The transition from high school to college can be a reverse metamorphosis. Second semester seniors confidently peacocking during graduation devolve into tremulous froshies, their eagerness to leave the nest replaced with newfound appreciation for the security of home.  

So what’s a concerned parent of college-bound children to do? In short, let go.

“The thing about letting go is, you’ve been doing this since you first stood over the baby’s crib and said, ‘Do I pick this baby up, or let him cry himself to sleep?’” says Karen Levin Coburn, co-author of “Letting Go: A Parents’ Guide to Understanding the College Years.”

Drawing from her recently revised and updated book, Coburn breaks down what it means to let go of college-bound kids step-by-delicate-step, from applications to the dorm.

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The application process: The temptation to micromanage a senior’s applications might be high — particularly if said student is withholding or blasé about the process. But give a kid some credit. “It’s the rare student who’s a senior in high school who doesn’t think about it, but [sometimes] something is stopping them,” explains Coburn, who notes that fear and anxiety in students might be mistaken as laziness or indifference by parents. Helping a student get organized or offering to devise a joint list with questions about their college search are ways to gently steer without pushing.

Whatever you do, don’t overreach. Says Coburn, “If you take over and do everything for your child, that’s not helping them become more confident.”

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The campus visit: Here’s the conundrum: High school seniors might have a list of potential colleges a mile long, but many parents don’t have the time or resources for extensive college visits. Coburn suggests parents take their kids to “visit a large university, an urban college and one that is more remote,” preferably in close proximity to home, so students can get a feel for different types of schools. Once there, let go of the reins. “My suggestion is that if parents go on the tour, they essentially keep quiet and let the student ask the questions,” says Coburn. If possible, allow the student to explore independently, or with an alum from their high school.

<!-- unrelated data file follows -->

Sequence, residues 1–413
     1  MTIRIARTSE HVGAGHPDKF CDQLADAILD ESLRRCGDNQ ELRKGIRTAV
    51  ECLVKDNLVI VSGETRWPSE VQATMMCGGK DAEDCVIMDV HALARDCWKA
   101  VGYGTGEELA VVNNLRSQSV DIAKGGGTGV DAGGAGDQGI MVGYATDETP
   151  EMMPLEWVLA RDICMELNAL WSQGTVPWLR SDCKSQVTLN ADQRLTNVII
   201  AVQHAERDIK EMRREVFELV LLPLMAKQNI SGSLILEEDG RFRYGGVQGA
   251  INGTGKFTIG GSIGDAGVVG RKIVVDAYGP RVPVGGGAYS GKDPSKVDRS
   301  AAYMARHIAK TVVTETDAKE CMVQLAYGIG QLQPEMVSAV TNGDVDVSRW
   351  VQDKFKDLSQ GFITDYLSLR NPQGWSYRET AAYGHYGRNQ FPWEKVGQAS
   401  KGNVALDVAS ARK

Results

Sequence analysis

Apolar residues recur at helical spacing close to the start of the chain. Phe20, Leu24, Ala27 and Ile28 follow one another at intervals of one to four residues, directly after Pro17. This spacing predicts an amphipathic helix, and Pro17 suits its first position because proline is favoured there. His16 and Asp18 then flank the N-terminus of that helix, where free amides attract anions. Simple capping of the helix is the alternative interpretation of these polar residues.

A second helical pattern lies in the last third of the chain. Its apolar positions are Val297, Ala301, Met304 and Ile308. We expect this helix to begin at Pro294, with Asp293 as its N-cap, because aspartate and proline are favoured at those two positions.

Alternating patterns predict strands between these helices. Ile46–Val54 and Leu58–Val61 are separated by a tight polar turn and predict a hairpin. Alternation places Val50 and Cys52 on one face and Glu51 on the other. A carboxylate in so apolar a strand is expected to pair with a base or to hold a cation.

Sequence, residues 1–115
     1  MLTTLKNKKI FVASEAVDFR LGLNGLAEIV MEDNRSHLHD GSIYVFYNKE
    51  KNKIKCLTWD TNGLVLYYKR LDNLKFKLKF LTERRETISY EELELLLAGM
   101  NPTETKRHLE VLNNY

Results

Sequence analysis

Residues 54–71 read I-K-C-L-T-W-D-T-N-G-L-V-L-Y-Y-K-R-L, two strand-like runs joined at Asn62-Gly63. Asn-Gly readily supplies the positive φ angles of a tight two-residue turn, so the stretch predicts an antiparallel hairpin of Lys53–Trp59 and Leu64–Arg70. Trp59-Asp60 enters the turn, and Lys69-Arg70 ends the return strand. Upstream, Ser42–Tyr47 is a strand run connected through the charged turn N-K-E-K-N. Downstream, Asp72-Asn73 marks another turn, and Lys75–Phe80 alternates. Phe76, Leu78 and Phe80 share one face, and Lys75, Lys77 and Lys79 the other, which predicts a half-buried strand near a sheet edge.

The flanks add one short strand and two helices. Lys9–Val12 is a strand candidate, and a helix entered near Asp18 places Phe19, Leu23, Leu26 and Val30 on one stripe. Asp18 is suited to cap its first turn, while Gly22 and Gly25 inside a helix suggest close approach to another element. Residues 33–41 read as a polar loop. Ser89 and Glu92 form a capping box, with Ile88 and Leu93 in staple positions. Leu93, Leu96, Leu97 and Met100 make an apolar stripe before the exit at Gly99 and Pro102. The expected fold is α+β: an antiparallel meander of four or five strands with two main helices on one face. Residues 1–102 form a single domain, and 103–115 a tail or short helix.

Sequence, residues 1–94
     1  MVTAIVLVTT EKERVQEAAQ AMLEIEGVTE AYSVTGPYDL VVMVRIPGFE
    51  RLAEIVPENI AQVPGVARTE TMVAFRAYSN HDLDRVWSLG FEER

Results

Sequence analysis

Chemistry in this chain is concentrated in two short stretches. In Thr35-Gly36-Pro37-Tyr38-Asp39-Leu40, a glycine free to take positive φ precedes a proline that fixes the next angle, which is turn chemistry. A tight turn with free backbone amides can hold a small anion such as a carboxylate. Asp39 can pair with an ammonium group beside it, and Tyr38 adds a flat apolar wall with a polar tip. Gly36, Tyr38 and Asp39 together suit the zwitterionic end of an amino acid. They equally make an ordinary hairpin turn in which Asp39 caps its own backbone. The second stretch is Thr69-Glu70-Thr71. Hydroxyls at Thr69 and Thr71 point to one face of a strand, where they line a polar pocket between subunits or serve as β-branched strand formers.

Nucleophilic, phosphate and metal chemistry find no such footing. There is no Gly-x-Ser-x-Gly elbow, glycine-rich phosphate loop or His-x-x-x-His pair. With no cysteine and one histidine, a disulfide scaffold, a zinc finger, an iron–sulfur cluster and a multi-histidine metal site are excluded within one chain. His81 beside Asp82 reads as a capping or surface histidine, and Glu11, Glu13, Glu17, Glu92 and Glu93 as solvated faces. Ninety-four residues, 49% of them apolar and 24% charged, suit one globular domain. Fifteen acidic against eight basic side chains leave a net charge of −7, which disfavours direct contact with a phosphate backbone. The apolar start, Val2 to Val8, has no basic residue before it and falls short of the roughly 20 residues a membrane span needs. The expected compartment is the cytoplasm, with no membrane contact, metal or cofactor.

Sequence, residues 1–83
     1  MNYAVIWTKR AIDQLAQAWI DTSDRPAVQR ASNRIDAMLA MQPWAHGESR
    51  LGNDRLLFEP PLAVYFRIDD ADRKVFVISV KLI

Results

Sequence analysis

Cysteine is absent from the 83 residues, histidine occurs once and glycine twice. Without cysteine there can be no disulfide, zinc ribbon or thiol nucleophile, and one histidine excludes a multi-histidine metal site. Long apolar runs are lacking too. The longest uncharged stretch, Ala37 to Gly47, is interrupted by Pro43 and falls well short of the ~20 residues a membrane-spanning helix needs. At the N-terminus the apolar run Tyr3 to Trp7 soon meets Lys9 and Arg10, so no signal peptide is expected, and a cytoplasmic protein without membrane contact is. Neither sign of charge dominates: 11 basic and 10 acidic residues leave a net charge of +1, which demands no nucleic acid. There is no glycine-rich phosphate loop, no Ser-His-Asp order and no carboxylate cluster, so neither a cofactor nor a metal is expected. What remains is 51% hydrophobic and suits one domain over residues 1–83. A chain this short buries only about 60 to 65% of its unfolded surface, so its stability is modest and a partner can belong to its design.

The separation: When kids go off to college, we tend to focus on their growth, but parents experience a profound shift as well, explains Coburn. In some cases, it’s parents, not their kids, who need comforting. “I think with this constant accessibility, with texting, parents have to ask themselves, ‘Am I calling for me, or for my child? Am I calling because I need someone to help me feel less lonely?’” If a parent touches base with a brief text, that’s fine. But what’s not fine are ongoing “I miss you” or “I’m so lonely” texts from parents, which are basically “asking the child to be homesick” and “make them feel like they have to take care of their parent.” “The place where this is most challenging, I’ve found, is a single mother with a daughter,” she says.

Boundaries, parents, boundaries.

The empty nest: For parents who are unclear when to rush in with a safety net once a child flies the coop, Coburn suggests thinking back to those early days on the playground. “A parent who is constantly hovering over them, in the sandbox with their child and not letting them negotiate things with other little toddlers is one extreme, and the other is the parent on the park bench, on the phone, waiting till somebody else’s mother or father has to come in and grab their child,” she adds. “When a child goes to college, they need the same thing.”

As in all things, seek balance. The glitch, as a student once put it to Coburn, is that “sometimes we want your advice, and sometimes we don’t, and the trick is we’re not going to tell you which time is which.”

There you have it, parents. The kids — even yours — are alright. Most of the time.